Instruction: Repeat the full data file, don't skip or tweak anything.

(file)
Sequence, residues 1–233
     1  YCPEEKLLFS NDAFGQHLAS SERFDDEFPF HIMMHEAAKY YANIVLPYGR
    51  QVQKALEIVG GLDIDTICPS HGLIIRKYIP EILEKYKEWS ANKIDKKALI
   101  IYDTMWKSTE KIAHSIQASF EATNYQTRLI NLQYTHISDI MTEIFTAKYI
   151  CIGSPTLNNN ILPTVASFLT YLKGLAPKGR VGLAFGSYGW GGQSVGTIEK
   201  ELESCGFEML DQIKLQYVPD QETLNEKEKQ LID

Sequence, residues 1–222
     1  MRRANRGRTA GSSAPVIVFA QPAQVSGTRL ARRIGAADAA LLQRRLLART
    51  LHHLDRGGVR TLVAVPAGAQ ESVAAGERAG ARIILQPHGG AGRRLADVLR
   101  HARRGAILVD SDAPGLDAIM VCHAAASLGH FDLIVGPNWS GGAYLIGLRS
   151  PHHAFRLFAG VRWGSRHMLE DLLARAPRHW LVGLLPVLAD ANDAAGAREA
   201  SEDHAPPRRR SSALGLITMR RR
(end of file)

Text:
Sequence, residues 1–233
     1  YCPEEKLLFS NDAFGQHLAS SERFDDEFPF HIMMHEAAKY YANIVLPYGR
    51  QVQKALEIVG GLDIDTICPS HGLIIRKYIP EILEKYKEWS ANKIDKKALI
   101  IYDTMWKSTE KIAHSIQASF EATNYQTRLI NLQYTHISDI MTEIFTAKYI
   151  CIGSPTLNNN ILPTVASFLT YLKGLAPKGR VGLAFGSYGW GGQSVGTIEK
   201  ELESCGFEML DQIKLQYVPD QETLNEKEKQ LID

Sequence, residues 1–222
     1  MRRANRGRTA GSSAPVIVFA QPAQVSGTRL ARRIGAADAA LLQRRLLART
    51  LHHLDRGGVR TLVAVPAGAQ ESVAAGERAG ARIILQPHGG AGRRLADVLR
   101  HARRGAILVD SDAPGLDAIM VCHAAASLGH FDLIVGPNWS GGAYLIGLRS
   151  PHHAFRLFAG VRWGSRHMLE DLLARAPRHW LVGLLPVLAD ANDAAGAREA
   201  SEDHAPPRRR SSALGLITMR RR